Risks Associated with Amniocentesis
Risks associated with amniocentesis are as follows:
- Miscarriage. Early amniocentesis carries a slight risk of miscarriage, often due to rupture of the amniotic sac. The risk of miscarriage is highest when the procedure is done early in pregnancy, before the two layers of fetal membranes have sealed. By the second trimester, however, the risk of miscarriage drops. For years, the risk of miscarriage was generally considered to be 1 in 200. Today, in many centers, the risk is between 1 in 300 and 1 in 500, but only if done by someone with considerable experience and expertise.
- Cramping and vaginal bleeding. Cramping is possible after amniocentesis. Some women experience a small amount of vaginal bleeding, but neither results in pregnancy loss.
- Needle injury. During amniocentesis, the baby may move an arm or leg into the path of the needle. Serious needle injuries are rare.
- Leaking amniotic fluid. Rarely, amniotic fluid leaks through the vagina after amniocentesis. If the leak seals, the pregnancy may proceed normally. Sometimes the leakage can lead to a decrease in the amount of amniotic fluid, that serves as a cushion for the developing fetus. If the leak is severe enough, it can cause skeletal deformities secondary to compression of the baby within the uterus.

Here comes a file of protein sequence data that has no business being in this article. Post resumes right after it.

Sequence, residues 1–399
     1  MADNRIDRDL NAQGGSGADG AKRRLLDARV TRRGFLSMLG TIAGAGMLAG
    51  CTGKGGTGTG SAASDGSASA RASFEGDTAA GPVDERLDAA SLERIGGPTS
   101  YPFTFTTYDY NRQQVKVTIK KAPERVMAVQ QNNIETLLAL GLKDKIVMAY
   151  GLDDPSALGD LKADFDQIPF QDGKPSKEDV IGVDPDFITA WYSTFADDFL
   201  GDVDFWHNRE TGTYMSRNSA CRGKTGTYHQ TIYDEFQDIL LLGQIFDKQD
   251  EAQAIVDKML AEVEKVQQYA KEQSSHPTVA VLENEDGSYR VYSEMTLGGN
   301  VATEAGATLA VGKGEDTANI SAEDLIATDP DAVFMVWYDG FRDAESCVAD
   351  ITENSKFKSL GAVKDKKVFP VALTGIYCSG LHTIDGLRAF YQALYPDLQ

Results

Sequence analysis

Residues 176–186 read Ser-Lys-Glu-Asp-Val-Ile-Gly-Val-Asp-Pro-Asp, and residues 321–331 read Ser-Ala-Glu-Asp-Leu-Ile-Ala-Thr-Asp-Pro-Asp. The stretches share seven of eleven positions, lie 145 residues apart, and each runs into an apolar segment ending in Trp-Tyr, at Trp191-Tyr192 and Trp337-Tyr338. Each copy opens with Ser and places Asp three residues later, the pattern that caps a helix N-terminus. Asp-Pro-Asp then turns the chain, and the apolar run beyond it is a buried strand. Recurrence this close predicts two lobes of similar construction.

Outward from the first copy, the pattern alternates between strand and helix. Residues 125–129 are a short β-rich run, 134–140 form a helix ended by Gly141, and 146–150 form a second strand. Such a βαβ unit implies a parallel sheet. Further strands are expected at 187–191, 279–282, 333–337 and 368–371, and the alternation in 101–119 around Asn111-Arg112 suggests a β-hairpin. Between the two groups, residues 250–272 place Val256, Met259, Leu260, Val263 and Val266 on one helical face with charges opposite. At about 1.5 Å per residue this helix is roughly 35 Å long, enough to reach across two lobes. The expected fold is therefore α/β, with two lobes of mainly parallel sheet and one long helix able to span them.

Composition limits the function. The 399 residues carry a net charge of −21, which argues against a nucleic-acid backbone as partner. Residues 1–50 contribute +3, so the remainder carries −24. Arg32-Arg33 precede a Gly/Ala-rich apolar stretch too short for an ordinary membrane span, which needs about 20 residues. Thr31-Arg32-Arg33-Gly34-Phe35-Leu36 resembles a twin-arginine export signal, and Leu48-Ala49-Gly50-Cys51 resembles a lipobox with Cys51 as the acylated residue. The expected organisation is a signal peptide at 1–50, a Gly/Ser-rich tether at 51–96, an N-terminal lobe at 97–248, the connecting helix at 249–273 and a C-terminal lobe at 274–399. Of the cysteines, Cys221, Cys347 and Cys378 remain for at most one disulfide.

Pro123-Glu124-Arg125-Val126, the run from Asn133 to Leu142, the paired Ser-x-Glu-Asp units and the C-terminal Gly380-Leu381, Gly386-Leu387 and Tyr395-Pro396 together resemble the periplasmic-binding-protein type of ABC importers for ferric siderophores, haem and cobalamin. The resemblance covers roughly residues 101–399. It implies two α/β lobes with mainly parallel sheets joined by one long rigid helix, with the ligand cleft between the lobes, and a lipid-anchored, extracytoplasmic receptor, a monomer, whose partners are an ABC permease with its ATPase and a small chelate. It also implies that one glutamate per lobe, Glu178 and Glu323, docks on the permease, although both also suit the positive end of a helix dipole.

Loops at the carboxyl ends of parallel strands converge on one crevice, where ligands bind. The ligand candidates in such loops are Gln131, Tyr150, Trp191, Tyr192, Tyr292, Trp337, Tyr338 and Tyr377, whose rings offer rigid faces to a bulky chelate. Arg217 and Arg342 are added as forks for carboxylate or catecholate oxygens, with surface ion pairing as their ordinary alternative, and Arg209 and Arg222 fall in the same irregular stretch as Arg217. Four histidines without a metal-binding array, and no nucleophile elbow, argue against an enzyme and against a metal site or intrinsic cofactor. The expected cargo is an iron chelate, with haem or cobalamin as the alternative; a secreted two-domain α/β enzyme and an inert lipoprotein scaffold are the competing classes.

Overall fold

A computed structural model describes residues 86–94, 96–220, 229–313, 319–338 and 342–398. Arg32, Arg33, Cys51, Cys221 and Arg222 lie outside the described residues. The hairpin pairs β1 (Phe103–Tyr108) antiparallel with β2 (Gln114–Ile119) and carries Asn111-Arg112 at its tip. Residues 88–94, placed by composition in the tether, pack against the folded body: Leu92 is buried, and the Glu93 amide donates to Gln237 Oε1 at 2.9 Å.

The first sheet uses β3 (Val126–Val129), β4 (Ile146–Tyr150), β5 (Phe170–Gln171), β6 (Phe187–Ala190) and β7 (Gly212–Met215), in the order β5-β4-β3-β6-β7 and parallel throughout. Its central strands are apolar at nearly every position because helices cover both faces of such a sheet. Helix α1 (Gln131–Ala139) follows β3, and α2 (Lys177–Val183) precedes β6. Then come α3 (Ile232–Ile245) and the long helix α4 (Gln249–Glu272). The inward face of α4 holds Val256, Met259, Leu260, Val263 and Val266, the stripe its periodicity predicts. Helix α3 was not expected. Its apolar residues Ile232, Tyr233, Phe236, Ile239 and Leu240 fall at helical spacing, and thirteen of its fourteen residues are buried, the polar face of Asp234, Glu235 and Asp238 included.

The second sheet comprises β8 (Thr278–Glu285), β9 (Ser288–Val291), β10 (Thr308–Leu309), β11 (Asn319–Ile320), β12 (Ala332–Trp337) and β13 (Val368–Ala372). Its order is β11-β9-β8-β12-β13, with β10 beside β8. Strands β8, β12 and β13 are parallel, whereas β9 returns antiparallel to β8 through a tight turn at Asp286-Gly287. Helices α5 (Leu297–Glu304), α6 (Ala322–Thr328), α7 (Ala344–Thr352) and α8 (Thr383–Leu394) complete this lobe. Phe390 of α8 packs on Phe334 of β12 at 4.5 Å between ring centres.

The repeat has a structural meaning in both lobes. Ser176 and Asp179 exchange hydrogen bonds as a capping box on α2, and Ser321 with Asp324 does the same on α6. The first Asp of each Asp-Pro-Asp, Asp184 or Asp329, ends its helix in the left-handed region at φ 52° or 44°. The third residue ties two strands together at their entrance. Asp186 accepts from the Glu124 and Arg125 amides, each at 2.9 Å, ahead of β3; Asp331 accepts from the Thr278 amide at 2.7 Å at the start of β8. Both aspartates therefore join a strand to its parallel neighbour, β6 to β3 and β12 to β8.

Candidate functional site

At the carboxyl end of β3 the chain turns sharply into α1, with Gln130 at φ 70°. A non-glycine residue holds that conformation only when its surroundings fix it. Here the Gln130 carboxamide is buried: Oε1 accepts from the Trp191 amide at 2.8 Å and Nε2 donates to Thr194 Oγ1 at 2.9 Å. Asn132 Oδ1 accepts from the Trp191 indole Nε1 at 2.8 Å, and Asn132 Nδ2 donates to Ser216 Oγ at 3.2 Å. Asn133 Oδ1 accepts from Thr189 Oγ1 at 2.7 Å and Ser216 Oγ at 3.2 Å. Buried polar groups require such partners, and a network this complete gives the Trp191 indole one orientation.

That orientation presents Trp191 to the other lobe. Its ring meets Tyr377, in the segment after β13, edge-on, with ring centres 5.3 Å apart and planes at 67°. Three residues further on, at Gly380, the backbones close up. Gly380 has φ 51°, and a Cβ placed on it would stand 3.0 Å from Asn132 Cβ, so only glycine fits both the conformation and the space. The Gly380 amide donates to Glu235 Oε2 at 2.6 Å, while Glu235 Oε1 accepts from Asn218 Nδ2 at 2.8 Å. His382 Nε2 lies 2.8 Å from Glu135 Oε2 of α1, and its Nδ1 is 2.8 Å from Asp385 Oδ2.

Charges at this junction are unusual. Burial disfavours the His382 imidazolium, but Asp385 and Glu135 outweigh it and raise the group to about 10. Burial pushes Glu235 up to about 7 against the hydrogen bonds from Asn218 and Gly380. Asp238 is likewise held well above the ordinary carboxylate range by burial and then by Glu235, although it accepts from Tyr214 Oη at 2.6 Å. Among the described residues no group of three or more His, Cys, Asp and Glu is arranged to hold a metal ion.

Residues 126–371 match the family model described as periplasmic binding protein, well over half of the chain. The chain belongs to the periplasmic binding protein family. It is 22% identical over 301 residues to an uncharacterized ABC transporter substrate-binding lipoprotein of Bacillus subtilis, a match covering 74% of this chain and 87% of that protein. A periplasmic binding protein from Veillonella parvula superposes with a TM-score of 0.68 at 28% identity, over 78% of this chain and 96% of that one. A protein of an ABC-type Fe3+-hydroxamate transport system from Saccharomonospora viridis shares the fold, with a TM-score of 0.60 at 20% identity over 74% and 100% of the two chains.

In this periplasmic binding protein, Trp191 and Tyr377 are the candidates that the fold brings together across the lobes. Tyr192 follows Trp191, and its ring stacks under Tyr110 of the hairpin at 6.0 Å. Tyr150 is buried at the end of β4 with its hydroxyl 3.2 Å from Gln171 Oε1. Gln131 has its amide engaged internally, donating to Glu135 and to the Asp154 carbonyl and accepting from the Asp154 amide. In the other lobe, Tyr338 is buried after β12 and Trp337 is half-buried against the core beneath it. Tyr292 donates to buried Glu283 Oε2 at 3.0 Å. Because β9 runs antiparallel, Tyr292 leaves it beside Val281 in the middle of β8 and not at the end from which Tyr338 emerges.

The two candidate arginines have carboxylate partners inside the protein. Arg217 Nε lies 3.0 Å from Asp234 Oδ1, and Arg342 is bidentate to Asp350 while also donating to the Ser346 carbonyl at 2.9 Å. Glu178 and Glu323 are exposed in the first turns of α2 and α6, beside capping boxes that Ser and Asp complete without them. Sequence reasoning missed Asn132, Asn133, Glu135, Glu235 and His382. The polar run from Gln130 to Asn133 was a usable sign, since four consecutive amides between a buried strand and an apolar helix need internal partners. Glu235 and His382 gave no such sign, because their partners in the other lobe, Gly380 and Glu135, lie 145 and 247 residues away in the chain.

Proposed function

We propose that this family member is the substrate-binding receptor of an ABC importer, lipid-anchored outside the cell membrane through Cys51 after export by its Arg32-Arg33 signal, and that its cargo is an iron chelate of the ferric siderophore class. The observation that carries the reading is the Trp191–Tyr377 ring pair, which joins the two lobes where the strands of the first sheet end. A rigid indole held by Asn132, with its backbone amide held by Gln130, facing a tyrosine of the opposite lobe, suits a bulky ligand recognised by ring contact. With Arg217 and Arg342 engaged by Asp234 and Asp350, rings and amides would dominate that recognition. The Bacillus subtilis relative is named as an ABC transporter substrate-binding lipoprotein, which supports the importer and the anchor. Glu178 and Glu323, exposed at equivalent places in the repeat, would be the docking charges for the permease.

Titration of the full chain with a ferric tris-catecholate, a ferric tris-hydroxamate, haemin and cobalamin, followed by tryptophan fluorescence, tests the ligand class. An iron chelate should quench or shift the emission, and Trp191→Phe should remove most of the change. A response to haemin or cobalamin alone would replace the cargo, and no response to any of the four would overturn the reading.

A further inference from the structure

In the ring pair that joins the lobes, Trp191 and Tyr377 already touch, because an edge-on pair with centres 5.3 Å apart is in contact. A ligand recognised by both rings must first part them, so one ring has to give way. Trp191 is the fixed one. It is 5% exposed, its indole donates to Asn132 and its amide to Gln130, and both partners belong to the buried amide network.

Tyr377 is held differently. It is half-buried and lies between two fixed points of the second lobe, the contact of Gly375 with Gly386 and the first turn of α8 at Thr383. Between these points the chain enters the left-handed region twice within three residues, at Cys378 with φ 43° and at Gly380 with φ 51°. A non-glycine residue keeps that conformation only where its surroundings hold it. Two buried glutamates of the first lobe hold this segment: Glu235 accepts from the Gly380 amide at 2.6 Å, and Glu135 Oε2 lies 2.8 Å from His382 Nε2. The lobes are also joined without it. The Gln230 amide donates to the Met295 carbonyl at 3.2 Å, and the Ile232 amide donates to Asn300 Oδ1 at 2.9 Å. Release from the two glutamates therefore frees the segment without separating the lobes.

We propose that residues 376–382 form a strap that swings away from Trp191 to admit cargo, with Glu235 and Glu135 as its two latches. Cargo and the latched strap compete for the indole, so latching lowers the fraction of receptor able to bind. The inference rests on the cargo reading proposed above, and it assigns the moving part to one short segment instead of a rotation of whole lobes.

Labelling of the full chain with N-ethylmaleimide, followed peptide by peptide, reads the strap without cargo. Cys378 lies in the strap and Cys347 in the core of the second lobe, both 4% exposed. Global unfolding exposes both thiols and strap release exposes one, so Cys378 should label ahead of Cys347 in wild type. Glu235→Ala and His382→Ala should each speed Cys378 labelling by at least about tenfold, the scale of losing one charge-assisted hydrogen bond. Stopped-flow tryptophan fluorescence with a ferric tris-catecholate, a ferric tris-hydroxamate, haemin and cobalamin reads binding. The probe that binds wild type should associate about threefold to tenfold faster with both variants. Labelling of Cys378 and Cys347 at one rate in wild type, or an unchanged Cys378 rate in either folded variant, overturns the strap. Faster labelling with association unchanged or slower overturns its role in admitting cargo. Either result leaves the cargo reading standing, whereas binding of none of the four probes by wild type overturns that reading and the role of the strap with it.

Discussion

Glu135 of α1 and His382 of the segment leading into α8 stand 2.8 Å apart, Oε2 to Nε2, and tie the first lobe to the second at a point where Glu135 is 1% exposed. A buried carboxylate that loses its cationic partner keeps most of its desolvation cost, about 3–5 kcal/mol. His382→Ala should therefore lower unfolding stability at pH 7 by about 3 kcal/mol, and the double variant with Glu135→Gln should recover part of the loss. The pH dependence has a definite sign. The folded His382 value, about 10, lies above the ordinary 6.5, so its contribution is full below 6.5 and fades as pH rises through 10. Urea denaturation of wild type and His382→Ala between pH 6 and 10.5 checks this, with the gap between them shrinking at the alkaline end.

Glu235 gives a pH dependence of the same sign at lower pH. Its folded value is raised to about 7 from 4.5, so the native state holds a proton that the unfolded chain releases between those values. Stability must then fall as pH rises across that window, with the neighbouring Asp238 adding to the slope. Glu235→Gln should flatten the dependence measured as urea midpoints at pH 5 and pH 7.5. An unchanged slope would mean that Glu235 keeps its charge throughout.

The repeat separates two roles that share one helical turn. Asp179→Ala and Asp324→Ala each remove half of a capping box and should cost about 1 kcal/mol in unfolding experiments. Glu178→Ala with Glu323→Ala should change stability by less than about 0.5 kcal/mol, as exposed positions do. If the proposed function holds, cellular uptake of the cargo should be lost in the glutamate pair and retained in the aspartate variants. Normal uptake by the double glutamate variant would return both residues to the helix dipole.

- Rh sensitization. Rarely, amniocentesis may cause the baby's blood cells to enter the mother's bloodstream. If the mother is Rh negative but the baby's red blood cells are Rh positive and pass into the maternal blood stream; it makes antibodies against them. This is because the woman's immune system has never seen Rh positive blood cells. The antibodies are small enough to pass across the placenta and attack the baby's Rh positive red blood cells and destroy them. If a woman is Rh negative, she should be given RH immunoglobulin (gammaglobulin) after the amniocentesis, so if there is any blood to blood transfusion between the mother and the fetus, the gammaglobulin attaches to the baby's Rh positive red blood cells and prevents the mother's immune system from recognizing and attacking them.
- Infection. Although uncommon, amniocentesis may trigger a uterine infection. The resulting infection may trigger premature labor that cannot be stopped or effectively treated with antibiotics.
Arizona Center for Fertility Studies and Amniocentesis